How much does it cost to open a daycare in Florida? Per the small enterprise resource site, bizfluent.com, the initial investment for setting up a daycare center typically ranges between $10,000 and $50,000.

What is the most challenging thing about working in childcare? ›

One of the biggest challenges for childcare educators is catering to the individual needs of each child. Every child is unique, with varying personalities, interests, and learning styles.

What are the cons of working in early childhood education? ›

Cons of Being an Early Childhood Educator
  • Low Pay: Despite the importance of their role, early childhood educators are often not compensated adequately for their work. ...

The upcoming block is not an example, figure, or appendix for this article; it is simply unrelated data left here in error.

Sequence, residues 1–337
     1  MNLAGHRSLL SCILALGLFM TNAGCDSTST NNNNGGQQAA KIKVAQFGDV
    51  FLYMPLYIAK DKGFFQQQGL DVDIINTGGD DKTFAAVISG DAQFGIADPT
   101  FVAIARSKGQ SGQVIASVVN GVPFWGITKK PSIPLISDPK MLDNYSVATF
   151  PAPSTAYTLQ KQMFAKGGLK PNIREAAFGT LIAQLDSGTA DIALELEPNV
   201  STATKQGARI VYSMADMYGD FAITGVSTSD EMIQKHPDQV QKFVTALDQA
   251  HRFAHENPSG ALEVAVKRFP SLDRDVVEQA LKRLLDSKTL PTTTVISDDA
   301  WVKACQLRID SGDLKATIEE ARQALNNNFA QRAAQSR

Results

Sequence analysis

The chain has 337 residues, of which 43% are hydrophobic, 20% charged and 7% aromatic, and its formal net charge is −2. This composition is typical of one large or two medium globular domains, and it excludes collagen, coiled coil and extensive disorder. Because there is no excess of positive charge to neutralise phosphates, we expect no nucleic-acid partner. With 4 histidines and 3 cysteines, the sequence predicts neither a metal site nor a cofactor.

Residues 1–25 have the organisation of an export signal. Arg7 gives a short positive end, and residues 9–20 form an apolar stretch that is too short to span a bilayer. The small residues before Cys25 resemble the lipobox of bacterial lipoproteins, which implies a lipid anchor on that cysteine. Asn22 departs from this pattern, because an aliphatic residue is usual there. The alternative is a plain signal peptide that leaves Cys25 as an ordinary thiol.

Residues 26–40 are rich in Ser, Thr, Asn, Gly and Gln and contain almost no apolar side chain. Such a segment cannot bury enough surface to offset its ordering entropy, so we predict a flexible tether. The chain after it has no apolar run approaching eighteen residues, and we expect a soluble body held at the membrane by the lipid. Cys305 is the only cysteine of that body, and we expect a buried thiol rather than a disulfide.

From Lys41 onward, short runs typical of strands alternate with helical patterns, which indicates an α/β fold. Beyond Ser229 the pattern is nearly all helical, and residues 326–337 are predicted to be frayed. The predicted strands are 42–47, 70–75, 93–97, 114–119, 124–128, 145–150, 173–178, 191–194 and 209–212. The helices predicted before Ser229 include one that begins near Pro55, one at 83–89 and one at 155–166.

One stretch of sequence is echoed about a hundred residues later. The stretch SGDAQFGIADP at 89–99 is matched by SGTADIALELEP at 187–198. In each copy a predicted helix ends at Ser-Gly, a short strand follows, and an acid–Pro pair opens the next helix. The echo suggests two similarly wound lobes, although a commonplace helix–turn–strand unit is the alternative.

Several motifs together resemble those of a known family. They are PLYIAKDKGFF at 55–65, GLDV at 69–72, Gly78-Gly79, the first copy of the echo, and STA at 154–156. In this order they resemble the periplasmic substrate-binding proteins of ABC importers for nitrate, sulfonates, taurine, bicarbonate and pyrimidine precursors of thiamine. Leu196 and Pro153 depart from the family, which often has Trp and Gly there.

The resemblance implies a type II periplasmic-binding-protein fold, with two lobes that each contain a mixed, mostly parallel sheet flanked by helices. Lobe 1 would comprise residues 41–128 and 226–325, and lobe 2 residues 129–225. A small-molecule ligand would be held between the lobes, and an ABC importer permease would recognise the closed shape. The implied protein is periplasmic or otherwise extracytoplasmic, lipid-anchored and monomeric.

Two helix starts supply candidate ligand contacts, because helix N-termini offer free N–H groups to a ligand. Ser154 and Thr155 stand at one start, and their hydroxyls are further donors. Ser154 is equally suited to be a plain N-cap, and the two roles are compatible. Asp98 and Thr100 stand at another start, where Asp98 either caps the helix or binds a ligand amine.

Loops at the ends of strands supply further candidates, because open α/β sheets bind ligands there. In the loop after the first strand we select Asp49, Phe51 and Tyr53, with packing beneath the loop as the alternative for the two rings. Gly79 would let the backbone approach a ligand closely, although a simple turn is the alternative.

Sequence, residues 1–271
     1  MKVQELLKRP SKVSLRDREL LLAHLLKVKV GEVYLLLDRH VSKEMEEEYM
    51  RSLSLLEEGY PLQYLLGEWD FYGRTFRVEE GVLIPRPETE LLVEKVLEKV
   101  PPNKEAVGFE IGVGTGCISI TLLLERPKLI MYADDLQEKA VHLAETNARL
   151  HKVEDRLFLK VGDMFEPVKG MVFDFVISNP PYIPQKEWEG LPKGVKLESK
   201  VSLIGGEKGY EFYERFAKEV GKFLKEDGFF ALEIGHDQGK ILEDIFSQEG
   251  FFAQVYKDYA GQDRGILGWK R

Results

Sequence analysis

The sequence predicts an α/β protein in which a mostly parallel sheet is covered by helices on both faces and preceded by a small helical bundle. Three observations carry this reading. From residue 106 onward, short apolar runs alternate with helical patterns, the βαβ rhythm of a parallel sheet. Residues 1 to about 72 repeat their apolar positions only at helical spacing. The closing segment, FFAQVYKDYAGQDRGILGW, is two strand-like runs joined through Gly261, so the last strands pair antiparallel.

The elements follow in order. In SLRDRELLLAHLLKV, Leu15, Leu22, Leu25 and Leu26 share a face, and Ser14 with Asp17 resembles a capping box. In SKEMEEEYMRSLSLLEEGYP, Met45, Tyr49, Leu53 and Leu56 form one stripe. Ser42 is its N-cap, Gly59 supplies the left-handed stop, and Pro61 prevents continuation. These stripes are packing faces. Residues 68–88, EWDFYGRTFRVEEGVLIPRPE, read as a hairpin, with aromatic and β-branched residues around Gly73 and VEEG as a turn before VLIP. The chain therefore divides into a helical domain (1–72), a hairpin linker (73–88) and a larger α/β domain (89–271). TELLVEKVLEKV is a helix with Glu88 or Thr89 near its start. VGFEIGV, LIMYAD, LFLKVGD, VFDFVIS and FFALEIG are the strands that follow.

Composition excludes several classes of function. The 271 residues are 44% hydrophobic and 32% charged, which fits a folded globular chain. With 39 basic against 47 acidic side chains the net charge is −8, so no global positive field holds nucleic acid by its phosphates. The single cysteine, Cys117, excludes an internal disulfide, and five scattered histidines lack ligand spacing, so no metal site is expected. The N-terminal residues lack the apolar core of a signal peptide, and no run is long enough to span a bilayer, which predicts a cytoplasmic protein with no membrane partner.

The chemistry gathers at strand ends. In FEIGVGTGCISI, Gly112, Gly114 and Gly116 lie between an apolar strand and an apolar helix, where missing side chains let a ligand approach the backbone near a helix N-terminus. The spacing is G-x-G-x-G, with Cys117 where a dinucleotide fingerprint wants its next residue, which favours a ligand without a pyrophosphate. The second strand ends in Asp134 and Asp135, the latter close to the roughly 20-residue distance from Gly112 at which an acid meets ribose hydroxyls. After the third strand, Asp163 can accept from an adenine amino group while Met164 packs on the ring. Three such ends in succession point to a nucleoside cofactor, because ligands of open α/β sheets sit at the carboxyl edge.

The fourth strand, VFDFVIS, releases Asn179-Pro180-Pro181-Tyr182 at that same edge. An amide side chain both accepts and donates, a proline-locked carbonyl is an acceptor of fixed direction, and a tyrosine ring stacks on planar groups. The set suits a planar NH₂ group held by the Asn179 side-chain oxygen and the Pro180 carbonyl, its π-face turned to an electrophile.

• Emotional Demands: Working with young children can be emotionally demanding, as you may encounter challenging behaviors or situations.

What are the disadvantages of early childhood development? ›

What Are The Disadvantages Of Early Childhood Education?
  • Cost.
  • Limiting Creativity.
  • Peer Socialization.
  • Focus On Academics.
  • Lack of productivity.
  • Preschool Offers Less Opportunities For Socialization Than Daycare.
  • The Ratio Of Teachers To Students Is Never Perfect (And Neither Is A Preschool's Quality)
  • Others:

Why is working in childcare so stressful? ›

Often, transitions (e.g., getting ready to go outside, transitioning from lunch to nap, etc.) are the most challenging times. In addition to providing teachers with training on how to make transitions smoother, just having an extra set of hands can make a huge difference.